6th ‘Police Women Convention’ focuses on empowerment – UMUSEKE – News indeed
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Over 700 female officers convened for the 6th ‘Police Women Convention,’ where they were challenged to uphold virtues of discipline and selfless service, as well as be ambassadors of women empowerment and gender equality.

Minister for Internal Security, Sheikh Musa Fazil Harerimana relayed the message on March 3, at this year’s convention held in Kigali under the theme “Enhancing Women Participation for Gender Equality.”

“In only 14 years of existence, Rwanda National Police has a force made up of 20% female officers. But the most important factor is not just the growth of numbers, but the tireless work they do to ensure that Rwanda is safe and secure,” Minister Harerimana said.

“As officers, respect the uniform. Make Rwandans understand that they can trust you at all times; that you are the overseers of justice in society. The way you conduct yourselves represents the way RNP is perceived, so you must be disciplined at all times.”

In his remarks, the Inspector General of Police, Emmanuel K. Gasana, acknowledged that the role of female Police Officers is crucial in the policing strategies at RNP and asked them to even work harder in helping to solve society challenges.

He noted that the performance of Rwandan female Police officers on the international scene in peacekeeping has also been exceptional with high level of discipline and efficiency – while some of them have also been recognized for their outstanding work.

“Through this convention, you are obliged to reflect on the work you have done so far, find the gaps and their solutions, as well as recommendations on how to improve the entire Police force. As a team, we shall ensure that our goals are reached,” IGP Gasana noted.

Superintendent Goretti Mwenzangu, the Director of Gender Promotion at RNP, who spoke on behalf of female officers, expressed gratitude to the government and the force in particular for the efforts to “elevate women to the status that they deserve” and for implementing gender policies from the grassroots in the Rwandan society.

“Women have faced so many challenges in the past and were always overlooked; even those that performed well were never recognized for promotion,” she observed.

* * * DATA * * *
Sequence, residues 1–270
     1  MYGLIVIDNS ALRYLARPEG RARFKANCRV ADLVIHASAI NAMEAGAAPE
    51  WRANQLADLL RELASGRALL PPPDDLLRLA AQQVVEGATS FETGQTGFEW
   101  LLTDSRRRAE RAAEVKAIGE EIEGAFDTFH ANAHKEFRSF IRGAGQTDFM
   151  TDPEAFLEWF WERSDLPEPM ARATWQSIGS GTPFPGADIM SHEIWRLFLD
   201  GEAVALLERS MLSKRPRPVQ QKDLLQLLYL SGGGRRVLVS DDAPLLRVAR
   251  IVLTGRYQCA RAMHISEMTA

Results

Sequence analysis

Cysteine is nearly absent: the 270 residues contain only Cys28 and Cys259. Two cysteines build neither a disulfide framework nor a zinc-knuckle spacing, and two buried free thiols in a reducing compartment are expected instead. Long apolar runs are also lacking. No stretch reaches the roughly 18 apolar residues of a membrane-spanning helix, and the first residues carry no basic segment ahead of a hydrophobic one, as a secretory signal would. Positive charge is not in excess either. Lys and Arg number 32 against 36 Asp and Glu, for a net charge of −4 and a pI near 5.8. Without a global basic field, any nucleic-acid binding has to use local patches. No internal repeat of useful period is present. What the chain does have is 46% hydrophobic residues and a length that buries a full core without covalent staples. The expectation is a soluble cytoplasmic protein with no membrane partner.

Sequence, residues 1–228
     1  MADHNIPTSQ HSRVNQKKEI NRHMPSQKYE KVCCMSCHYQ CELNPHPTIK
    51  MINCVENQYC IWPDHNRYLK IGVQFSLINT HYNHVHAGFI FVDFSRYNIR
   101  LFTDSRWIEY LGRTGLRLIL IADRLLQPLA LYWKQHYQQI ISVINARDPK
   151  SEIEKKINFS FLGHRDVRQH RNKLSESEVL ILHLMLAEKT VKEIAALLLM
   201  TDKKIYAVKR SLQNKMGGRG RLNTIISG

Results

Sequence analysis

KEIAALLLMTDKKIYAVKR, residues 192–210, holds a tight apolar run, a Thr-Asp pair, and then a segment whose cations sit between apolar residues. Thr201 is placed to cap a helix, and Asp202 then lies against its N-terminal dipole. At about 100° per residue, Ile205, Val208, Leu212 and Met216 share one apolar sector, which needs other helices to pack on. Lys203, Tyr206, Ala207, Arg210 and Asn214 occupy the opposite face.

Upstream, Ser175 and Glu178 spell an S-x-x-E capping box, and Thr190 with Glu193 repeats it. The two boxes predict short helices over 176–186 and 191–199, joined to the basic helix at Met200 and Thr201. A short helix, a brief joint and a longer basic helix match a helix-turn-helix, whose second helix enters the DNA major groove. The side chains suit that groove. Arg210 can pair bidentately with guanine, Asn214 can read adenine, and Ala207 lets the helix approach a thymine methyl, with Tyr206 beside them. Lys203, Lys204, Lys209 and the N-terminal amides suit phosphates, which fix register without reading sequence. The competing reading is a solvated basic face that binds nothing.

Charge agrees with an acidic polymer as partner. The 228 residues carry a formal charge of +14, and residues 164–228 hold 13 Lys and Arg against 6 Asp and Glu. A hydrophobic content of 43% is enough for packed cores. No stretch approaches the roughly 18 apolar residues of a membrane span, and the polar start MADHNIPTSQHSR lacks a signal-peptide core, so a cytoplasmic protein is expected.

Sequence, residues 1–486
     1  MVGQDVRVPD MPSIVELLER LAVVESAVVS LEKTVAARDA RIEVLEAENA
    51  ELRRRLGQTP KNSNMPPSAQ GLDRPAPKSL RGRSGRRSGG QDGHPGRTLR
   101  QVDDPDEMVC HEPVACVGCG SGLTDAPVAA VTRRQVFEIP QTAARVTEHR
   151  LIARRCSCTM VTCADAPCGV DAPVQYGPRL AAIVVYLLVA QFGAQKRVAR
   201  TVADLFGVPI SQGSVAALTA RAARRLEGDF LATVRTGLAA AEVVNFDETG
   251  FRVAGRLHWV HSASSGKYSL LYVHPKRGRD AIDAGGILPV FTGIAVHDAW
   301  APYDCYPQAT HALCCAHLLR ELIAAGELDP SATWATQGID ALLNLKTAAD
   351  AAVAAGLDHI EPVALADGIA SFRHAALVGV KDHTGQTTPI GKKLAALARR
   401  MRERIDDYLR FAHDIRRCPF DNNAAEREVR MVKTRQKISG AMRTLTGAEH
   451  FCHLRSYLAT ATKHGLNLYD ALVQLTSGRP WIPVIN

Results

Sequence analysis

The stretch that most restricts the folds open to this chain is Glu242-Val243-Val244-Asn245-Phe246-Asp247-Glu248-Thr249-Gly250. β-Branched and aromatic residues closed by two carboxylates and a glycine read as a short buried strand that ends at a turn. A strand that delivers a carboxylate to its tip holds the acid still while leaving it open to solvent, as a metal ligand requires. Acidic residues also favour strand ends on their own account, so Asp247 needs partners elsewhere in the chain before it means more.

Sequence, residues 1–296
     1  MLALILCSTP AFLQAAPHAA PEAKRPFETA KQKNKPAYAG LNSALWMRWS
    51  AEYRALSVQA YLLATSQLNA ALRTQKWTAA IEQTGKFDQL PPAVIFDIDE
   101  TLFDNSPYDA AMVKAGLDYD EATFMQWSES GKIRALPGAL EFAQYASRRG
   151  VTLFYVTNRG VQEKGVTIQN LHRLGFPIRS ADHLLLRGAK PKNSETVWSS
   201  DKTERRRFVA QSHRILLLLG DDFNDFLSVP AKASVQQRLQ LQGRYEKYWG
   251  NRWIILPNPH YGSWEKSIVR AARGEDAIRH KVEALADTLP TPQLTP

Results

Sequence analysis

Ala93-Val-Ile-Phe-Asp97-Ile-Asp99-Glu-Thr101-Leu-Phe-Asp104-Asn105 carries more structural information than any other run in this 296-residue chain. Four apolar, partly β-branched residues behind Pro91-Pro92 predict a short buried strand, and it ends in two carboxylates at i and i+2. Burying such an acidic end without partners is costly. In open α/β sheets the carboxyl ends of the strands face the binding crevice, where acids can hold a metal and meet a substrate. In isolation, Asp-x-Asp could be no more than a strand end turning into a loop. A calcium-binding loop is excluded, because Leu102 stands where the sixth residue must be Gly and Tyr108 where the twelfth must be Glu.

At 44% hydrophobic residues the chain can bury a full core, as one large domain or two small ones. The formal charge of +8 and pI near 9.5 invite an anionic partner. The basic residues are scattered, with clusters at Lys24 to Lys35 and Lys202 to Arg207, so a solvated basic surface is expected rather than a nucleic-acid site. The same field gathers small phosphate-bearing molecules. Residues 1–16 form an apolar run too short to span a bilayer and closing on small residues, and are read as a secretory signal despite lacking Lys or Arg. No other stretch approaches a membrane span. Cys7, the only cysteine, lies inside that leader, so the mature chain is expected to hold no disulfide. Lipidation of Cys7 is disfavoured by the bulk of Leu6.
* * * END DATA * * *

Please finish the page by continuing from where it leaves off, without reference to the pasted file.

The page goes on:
“Now it is a fair ground; everyone is assessed on their performance, while there is a deliberate effort at RNP to ensure that women are empowered to rise through the ranks. This is an initiative that we appreciate, and as women officers, we have pledged to be patriots and protect our country against any injustices and crimes,” she added.

The event was also attended by a representative of One-UN Rwanda, Nadine Rugwe, who pointed out the importance of RNP women officers’ serving in UN Peacekeeping missions. She commended them for being good ambassadors of Rwanda and promoting home-grown solutions in their mission areas.

Rwanda was the first country to deploy a contingent composed of only females in peacekeeping and currently among the countries with the highest number female police peacekeeper in UN missions.

Rose Rwabuhihi, the Chief Gender Monitor reminded officers to always serve as role models to women by following up cases related to gender-based violence and deliver justice to the vulnerable.

The annual event brings together female Police officers to deliberate on how to solve issues affecting them in their day-to-day duties.

Currently, female officers comprise of 20 per cent of the total force, up from 14 per two years ago. Police intended to increase the percentage to 21 percent by the end of 2015 as well as by 30 percent by 2018.

 

RNP

UM– USEKE.RW

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